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The Winter 2010 issue of The Earth Scientist includes a variety of educational resources, ranging from astronomy to glaciers. Check out the other publications and classroom materials in our online store.
Do you see the bubbles in this piece of Antarctic ice? The bubbles contain carbon dioxide and other gases that were trapped in the ice when formed thousands of years ago. Researchers carefully crush the piece and capture the gases that escape when the bubbles break. This allows them to better understand what carbon dioxide levels were over time.
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Courtesy of Oregon State University

Gas From the Past Gives Scientists New Insights into Climate and the Oceans
News story originally written on October 3, 2008

What was the atmosphere like over 20,000 years ago? Scientists have been studying ancient air to find out.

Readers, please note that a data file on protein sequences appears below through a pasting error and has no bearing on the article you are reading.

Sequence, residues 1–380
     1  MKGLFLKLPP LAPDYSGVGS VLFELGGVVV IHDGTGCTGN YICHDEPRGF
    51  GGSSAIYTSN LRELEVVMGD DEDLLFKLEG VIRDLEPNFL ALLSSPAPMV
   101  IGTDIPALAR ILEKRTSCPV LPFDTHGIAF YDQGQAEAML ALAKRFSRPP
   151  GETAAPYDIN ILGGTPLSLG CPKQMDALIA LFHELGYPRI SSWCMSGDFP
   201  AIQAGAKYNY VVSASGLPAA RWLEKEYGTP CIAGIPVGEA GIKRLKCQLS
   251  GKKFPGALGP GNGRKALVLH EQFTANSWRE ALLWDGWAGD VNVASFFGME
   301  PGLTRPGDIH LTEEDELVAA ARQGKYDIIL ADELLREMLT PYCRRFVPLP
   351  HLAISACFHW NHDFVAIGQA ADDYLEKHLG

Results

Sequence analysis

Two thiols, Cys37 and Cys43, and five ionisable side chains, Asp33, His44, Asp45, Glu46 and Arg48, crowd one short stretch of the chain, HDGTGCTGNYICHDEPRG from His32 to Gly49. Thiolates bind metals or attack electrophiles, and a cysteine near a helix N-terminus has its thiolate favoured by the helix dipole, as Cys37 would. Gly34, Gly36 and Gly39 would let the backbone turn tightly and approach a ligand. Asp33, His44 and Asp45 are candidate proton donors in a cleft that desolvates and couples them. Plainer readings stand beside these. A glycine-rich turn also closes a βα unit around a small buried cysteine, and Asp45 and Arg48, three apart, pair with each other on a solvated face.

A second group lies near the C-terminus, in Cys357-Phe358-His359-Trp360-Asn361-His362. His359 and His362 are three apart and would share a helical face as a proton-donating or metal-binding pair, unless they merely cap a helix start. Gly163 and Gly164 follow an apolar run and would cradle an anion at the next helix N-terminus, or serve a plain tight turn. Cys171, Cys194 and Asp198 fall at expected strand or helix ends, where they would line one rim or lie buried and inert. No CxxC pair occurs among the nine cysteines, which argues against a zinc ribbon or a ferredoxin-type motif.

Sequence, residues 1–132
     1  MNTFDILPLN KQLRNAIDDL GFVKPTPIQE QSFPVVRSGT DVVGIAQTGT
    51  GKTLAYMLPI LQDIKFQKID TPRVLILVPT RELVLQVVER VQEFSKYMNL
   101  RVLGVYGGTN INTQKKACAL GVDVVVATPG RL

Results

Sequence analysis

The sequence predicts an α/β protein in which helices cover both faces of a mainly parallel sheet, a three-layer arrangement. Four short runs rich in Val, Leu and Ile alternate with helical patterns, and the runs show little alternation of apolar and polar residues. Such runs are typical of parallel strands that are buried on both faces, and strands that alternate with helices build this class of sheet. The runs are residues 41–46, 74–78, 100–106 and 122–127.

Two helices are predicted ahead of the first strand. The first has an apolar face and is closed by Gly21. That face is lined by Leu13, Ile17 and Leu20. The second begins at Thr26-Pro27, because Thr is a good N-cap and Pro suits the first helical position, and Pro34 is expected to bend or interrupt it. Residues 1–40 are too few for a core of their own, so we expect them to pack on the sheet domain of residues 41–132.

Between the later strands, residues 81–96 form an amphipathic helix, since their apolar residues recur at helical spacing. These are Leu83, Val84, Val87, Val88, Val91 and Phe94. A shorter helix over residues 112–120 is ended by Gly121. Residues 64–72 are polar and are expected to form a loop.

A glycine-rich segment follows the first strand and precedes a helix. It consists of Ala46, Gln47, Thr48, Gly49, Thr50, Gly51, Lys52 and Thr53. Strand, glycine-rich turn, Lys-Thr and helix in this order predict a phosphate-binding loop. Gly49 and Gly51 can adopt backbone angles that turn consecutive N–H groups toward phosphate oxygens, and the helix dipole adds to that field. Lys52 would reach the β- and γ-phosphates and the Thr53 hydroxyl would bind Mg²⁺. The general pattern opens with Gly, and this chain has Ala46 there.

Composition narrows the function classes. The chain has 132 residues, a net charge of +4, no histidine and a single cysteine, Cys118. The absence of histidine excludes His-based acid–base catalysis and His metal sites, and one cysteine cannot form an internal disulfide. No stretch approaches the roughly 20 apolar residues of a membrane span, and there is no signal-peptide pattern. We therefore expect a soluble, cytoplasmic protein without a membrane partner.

The ancient air is within tiny bubbles in 390 samples of ice from Antarctica. The bubbles tell what Earth's atmosphere was like 20,000 to 90,000 years ago.

Scientists studied how much carbon dioxide was in the bubbles. They compared the data with information about what Earth’s climate was like in the past. They also compared the carbon dioxide levels from the ancient air with information about what the ocean circulation was like at the time.

What did they find? They found that samples of ancient air that had more carbon dioxide were from times when Earth’s temperature was higher. They also found that these were times when ocean currents did not flow as quickly.

If it has happened in the past, it may happen in the future, say the scientists.  So we might see changes in ocean currents in the future as the amount of greenhouse gases continues to grow and the greenhouse effect gets stronger.

Last modified January 11, 2009 by Lisa Gardiner.

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